Gardening Basics

How to Make Compost I


Compost is a mixture of soil, sand and humus-forming material. When you mix it, it is allowed to decompose for a certain period of time. In the process, weed seeds are destroyed and the number of friendly bacteria found in the soil increases.

You can create humus-forming material for the compost in many different ways. It may consist of animal manure, peat moss or other partially decayed material. A good compost will contain a lot of organic matter, which will help growing bacteria needed for plant food and also for aeration of the soil.

Compost is a great source of organic material in the soil and it improves soil lightness and workability. It also helps improving water retention of sandy soils and drainage in clay soils.

What Compost Is and Isn’t

Compost is:

  • Decayed remains of organic matter. Microorganisms will eat anything you give to them and they will turn it into a particle matter which helps plants absorb nutrients from the soil used in their growth cycle. Depending on the ingredients used to create compost, it will provide nutrients itself.

Compost isn’t:

  • Fertilizer. It can be used in conjunction with organic and inorganic fertilizers or soil amendments to give your plants a complete diet, but it’s not fertilizer.
  • Potting soil. Compost lacks enough structure to be used as a potting soil. It’s also full of microorganisms that may not be good in a potted environment. However, you may use sterilized compost with other sterilized materials to make potting soil or seed starting media.
  • Dirt. Just because it looks and smells like dirt (soil) it doesn’t mean it’s soil. Compost is organic matter. It can be added to the soil to improve it, but it’s not soil (dirt) itself.


What to Compost?

In theory, you can compost any plant material or byproduct. You can also add any manure produced by a vegetarian animal. However, there are some preferences when it comes to creating compost.

It mainly consists of common plant material, such as fallen leaves, hay, straw, grass clippings, garden plants and feadheaded flowers. Another vital thing is manure. Common animal manures used to create compost are cattle, horse, chicken and rabbit. If you want to use horse manure it’s important that it’s throughly composted before use. If it’s not composted first, weed seeds in it may germinate and spread through your garden.

There are also some things you should never use in compost, such as:

  • Plastic, metal and glass. You should recycle those.
  • Meat-eating animal waste (such as dog and cat waste), bones, dead animals, dairy products, meats and fats.
  • Fossil fuels, paint, pesticides or harsh chemicals (such as bleach).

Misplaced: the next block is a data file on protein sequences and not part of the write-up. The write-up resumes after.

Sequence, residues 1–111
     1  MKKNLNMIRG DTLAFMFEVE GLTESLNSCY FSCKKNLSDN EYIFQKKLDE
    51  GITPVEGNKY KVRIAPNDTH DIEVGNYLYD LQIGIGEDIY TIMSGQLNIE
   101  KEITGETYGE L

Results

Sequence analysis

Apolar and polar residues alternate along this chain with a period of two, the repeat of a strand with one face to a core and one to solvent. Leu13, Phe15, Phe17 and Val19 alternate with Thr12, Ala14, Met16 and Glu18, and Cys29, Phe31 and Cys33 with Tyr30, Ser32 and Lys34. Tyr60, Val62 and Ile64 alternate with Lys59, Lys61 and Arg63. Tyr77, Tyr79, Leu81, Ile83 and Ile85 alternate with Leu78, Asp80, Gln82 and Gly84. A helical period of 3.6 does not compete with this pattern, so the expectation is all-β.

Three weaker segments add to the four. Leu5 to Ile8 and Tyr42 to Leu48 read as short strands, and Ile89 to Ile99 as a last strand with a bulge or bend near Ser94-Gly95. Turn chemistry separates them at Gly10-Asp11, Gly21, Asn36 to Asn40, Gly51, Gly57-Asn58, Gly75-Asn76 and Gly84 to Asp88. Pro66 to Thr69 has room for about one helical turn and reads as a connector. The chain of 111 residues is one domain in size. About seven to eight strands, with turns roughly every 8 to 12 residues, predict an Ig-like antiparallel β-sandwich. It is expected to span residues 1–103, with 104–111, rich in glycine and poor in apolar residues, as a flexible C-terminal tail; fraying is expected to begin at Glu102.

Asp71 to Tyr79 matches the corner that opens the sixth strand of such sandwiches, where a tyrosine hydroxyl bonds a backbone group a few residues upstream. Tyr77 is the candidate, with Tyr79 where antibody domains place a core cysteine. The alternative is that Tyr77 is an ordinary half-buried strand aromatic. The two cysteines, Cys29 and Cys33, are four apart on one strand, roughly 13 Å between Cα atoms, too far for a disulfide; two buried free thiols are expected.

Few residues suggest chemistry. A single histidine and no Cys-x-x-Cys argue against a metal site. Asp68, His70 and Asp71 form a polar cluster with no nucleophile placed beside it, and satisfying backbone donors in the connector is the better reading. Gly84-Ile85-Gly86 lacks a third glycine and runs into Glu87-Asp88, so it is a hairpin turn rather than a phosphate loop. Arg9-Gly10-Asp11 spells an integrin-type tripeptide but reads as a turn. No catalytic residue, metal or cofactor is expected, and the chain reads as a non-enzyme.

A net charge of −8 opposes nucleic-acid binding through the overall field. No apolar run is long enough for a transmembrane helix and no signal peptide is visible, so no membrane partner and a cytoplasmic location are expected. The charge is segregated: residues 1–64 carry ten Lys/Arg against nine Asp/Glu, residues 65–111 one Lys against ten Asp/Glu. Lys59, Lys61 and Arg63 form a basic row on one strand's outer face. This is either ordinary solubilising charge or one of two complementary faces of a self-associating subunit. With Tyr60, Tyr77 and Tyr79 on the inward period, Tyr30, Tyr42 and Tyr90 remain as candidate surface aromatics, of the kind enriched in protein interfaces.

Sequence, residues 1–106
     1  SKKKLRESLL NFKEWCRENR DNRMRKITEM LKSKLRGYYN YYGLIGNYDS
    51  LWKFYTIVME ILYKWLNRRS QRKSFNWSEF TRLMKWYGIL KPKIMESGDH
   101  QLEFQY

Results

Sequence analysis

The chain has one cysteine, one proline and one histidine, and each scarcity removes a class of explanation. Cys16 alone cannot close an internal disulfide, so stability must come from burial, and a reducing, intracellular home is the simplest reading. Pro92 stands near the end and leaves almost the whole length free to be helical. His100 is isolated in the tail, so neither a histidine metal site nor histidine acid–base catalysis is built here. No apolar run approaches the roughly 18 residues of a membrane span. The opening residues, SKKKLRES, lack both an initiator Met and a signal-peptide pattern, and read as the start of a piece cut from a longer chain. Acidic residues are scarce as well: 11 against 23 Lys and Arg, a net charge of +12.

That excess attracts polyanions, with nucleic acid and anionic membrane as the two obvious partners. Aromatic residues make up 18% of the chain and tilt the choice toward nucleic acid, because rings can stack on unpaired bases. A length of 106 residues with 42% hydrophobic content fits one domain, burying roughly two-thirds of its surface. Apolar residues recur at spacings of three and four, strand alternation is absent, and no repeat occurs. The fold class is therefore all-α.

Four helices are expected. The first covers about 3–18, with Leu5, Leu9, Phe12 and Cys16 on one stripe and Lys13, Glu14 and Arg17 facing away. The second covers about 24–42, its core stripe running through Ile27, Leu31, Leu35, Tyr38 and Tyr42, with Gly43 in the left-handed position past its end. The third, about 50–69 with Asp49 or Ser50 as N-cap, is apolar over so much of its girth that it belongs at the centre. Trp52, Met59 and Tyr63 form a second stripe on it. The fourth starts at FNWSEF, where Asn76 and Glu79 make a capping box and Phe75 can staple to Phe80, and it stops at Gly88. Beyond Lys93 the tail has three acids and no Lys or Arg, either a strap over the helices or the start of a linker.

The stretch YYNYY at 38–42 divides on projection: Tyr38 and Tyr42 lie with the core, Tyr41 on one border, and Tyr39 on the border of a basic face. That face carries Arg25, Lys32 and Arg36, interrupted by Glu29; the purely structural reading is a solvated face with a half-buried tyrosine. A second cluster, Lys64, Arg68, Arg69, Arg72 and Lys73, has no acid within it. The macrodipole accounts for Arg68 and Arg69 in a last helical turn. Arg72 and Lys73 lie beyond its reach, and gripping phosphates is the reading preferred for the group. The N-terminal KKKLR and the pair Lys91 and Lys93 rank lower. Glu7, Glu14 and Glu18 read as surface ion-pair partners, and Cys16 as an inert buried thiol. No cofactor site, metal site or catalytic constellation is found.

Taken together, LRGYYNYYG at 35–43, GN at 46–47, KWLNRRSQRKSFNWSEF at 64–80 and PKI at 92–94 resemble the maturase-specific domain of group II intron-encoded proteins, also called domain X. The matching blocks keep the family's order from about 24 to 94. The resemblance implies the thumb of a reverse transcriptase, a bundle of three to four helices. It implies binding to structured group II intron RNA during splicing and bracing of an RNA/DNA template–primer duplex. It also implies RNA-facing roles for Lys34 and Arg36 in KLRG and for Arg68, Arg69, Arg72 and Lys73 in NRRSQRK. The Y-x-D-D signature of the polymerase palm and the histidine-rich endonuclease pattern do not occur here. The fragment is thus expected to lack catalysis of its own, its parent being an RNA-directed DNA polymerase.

• Invasive and diseased plants. Never compost Poison Ivy or weeds with many seeds.

How to Make Compost

The easiest way to go is to simply make a pile of acceptable materials and have it decompose. Start with bulky limbs on the bottom so the air can glow up under the pile into it. You should layer enough brown material on the top so they can cover the limbs. Make sure it’s about 6 to 8 thick. Spray this layer with water.

After this, add green materials in this 6 to 8 inches deep layer. After this, add a layer of soil. You may also add a bit of fertilizer if you want (10-10-10 works great), but this isn’t mandatory. Continue layering until the bin is full or you run out of materials.

After about two weeks, the content of the bin will have settled to about half their height. This is the time to introduce more air. Don’t worry about layering this time: the goal is to have good even mixture. If you have some new material, throw it in the mix. You can add table scraps to the bin: simply burry them to about 8 to 10 inches deep and cover them.

You can turn the pile as frequently as you want. It’s not necessary to do it every day, but make sure it’s more often than every six months. You need to give the bacteria in the pile time to heat and cool the pile. Turn it after it’s cool again.

Eventually, you will notice that there is more and more decayed matter and less recognizable material. Also, the pile will stop heating up. This is the sign that the compost is ready. If you wish to have an ongoing pile, however, keep adding more greens and browns to it and sort out what you want to use when you need it.

In case the compost starts to smell, keep an eye on the green materials. Too much will be too wet and it will smell foul without the air flow. To prevent this, it’s important to add more brown materials and make sure to disperse them evenly in the pile.

Another thing you can do to eliminate the smell is to turn the pile to add air. The smell is caused by anaerobic decomposition (decomposition without oxygen, much like fermentation of yeast used in making bread). You will want aerobic decomposition, that is, decomposition with oxygen. This is why you need to turn the pile to prevent the air flow and eliminate the smell.

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